Friday, June 11, 2010
I remember November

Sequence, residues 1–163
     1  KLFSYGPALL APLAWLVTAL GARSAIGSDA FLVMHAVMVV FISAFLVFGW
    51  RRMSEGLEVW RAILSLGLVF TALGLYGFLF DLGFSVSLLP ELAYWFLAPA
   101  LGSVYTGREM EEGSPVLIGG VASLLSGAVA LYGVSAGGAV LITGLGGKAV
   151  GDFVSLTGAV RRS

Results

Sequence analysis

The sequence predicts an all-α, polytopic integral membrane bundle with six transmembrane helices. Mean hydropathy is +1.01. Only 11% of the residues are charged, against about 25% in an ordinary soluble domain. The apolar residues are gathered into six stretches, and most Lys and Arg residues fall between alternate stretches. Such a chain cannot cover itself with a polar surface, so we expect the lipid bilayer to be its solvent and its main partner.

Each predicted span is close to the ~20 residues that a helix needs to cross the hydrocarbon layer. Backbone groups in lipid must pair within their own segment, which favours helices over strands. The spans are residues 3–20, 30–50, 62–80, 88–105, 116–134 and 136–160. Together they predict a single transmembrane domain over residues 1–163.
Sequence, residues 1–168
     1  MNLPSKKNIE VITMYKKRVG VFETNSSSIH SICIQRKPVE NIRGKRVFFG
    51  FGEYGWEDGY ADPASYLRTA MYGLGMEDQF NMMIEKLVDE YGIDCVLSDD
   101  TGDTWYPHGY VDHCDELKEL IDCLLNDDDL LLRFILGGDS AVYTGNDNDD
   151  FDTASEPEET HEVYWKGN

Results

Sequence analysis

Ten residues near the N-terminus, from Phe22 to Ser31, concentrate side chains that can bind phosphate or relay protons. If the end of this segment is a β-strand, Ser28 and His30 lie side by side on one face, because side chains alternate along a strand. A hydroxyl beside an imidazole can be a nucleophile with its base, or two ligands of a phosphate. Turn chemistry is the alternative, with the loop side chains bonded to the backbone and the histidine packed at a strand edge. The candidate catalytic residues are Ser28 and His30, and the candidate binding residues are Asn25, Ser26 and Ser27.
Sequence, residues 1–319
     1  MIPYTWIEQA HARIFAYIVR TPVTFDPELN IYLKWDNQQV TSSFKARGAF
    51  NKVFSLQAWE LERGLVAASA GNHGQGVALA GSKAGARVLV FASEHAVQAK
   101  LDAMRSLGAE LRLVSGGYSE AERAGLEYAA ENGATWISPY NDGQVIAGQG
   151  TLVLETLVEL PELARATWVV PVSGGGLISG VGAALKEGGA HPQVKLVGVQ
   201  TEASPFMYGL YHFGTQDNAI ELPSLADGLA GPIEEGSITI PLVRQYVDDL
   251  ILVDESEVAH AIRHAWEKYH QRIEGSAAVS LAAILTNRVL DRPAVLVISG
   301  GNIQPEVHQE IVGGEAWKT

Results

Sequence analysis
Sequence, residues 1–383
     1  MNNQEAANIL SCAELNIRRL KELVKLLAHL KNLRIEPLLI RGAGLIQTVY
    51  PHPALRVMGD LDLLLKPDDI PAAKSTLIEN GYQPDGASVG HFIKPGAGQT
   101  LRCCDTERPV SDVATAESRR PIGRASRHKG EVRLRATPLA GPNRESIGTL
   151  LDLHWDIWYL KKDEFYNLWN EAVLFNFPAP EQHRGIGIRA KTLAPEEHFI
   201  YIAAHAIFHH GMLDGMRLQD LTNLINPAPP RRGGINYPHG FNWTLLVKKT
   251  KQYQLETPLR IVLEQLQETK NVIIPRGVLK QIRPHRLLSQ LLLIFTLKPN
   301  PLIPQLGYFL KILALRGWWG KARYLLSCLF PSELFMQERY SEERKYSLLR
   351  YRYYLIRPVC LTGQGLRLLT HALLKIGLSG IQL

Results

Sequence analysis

I remember November when I was eight: the sky getting dark earlier every evening, waking up before sunrise and eating breakfast while it was still night. In November, my mother would start making Christmas cake. She would take my sister and me to Nutcracker Sweet, the bulk dry goods store where she would buy candied peels, green and red cherries, Thompson and Sultana raisins and sliced almonds. She used her huge aluminum canning pot, big enough to bathe a toddler in, to hold all of the fruitcake ingredients. I remember her working the mixture with the long handled wooden spoon she would use to mix bread dough. She would turn over the fruits and nuts like she was mixing cement, resting the pot on a dining room chair so she could reach inside. Once they had been baked, I remember wrapping the cakes in aluminum foil, though not before dousing them with rum or brandy. She would put the stacks of cakes in the cold cellar, the small room in the basement that was originally used to store coal, with its hanging lightbulb and cinderblock walls. Mom kept everything she made in the cold cellar: every flavour of jam and jelly you could think of, plus the cakes. I remember my dad coveting the fruitcake once Christmas rolled around: cutting pieces for himself to go with his coffee and balancing the sticky slices on the rim of his mug.